Our reliance on nontraditional attorneys to fill out team in key areas of expertise is one way of doing it. Forming relationships with outside lawyers that are a win for both the lawyers and Krystal is another way of successfully meeting the expectations of Krystal’s growth.
The company also was purchased and new management and strategies were put in place. What are the biggest legal challenges in such an environment and what advice would you give to another GC in a similar situation?
The acquisition was compounded by the fact that we also moved from our home in Chattanooga, where we still have very strong roots, to our new home in Atlanta. The result is a lot of new faces, which is wonderful in the business, but it requires a strong commitment to building new relationships—internally and externally—that are critical to success.
My advice to someone in a similar situation is to take the time to determine the needs of your business partners and to build those relationships.
What legal accomplishment in your career are you most proud of and why?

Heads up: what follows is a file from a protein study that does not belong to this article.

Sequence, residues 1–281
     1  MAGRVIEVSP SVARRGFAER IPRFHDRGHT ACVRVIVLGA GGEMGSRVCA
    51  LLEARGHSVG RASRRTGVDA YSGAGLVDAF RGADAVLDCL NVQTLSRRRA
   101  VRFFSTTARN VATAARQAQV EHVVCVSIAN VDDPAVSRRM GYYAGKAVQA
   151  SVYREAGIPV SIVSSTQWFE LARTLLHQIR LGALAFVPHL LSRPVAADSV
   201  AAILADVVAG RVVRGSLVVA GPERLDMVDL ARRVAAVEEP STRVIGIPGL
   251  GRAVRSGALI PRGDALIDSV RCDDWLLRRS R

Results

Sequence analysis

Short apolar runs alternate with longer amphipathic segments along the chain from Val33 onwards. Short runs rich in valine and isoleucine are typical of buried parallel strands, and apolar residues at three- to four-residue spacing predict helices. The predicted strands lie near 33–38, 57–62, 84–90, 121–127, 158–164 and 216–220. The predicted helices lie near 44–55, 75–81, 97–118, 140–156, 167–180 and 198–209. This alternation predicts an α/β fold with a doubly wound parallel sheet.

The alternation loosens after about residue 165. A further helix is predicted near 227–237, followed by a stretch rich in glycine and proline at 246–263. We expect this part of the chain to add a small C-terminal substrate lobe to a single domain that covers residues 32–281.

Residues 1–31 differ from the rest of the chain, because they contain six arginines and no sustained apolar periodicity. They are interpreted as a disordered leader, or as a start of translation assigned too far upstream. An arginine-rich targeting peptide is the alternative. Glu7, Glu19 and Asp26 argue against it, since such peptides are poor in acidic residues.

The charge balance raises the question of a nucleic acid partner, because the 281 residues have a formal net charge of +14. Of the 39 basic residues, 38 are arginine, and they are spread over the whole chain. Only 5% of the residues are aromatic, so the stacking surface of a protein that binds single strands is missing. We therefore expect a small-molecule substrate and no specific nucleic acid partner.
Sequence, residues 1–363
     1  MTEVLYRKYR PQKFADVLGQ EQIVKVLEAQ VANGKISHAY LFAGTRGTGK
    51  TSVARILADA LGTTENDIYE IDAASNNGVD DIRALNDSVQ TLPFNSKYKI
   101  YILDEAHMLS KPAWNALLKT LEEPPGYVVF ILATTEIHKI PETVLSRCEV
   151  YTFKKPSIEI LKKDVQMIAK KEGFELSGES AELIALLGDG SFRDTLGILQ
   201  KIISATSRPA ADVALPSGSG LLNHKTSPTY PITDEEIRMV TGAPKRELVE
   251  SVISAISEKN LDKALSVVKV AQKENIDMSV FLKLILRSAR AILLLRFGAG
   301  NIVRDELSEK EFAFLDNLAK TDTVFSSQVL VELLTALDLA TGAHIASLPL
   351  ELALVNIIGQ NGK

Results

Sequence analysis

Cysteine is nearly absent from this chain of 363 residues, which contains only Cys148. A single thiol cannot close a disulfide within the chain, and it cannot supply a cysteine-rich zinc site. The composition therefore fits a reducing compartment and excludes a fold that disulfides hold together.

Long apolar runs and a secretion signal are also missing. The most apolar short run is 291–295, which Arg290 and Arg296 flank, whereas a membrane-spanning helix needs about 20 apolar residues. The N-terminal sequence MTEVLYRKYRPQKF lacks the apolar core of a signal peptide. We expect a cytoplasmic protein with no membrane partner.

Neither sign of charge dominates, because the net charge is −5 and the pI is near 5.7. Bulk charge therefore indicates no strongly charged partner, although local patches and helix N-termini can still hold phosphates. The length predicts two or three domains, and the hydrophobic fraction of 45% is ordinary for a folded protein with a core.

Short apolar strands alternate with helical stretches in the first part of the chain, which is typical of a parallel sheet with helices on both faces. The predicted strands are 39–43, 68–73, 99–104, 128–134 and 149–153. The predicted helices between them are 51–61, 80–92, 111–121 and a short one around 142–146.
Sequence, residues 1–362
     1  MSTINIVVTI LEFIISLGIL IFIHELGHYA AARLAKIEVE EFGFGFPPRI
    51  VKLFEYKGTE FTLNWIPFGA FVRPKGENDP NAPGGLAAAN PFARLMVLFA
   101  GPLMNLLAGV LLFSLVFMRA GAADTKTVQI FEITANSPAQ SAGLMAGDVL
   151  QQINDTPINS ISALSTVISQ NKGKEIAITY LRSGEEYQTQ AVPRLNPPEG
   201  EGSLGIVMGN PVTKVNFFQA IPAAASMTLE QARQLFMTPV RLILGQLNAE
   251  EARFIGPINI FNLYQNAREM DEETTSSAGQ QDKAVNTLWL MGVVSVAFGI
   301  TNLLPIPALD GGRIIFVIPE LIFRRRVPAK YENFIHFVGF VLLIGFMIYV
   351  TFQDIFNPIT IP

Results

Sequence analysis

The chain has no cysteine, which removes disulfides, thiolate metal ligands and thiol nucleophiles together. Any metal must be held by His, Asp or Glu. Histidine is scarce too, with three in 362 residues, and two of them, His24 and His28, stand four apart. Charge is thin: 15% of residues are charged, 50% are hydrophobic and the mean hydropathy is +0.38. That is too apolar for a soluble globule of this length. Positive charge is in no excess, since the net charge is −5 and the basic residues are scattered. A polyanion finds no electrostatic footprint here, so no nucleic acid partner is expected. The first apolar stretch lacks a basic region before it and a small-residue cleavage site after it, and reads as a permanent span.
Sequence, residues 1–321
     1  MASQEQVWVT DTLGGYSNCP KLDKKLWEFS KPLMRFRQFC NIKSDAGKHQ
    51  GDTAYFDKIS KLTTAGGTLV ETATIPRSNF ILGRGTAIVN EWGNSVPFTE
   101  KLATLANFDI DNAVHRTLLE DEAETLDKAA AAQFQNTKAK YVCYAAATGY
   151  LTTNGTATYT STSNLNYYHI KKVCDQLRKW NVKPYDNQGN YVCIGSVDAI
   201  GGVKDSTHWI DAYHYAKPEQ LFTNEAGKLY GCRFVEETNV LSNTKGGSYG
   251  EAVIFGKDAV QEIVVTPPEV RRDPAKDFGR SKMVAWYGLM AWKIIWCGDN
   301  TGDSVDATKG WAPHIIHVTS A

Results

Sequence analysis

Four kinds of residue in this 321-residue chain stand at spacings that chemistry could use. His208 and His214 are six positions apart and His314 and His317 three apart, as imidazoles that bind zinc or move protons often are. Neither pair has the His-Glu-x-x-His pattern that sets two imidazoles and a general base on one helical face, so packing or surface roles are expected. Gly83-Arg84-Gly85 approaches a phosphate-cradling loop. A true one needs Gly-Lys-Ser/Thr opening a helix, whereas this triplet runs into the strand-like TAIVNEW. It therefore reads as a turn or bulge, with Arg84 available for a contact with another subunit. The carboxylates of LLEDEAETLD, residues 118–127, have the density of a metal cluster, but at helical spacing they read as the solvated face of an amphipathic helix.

I have been fortunate to have a varied career with a wide range of successes across a variety of areas—compliance, “bet the company” litigation, M&A.
Having said that, Krystal will be the accomplishment I am most proud of. I am aggressively working to create a new legal department that is nimble, responsive and able to proactively manage the risks facing our organization in a cost-effective manner. I am looking at everything. How to proactively mitigate risk, better cost management and even how to generate income.
To be successful, I will continue to focus on being a key collaborator to my business partners and not shying away from a “tough” reputation. I can do this because each of my business partners knows that I deeply respect them and work hard to accomplish their goals.
What is the favorite part of your job?
As I put my team in place, stepping out of the minutiae and taking on a strategic role in my department and the organization. As a member of Krystal’s executive team, I value having a real voice in planning and executing our enterprise strategy. This is my first experience in QSR. I am enjoying learning about this industry and working with our operators to ensure success.
SLOANE SUSSMAN PERRAS
Education: University of Florida, bachelor’s of science in finance; University of Georgia School of Law, J.D., 2002
Personal:I spread lots of affection around to my loved ones. Some of my favorites are my nieces and nephew, my parents and other extended family members in and around the Southeast.
What do you order at Krystal? I love our breakfast, especially the Low Carb Scramble (served with a generous helping of bacon) with a cup of our all-new coffee. It’s the perfect breakfast for me—perfect on the run or while sitting in the restaurant working for a bit.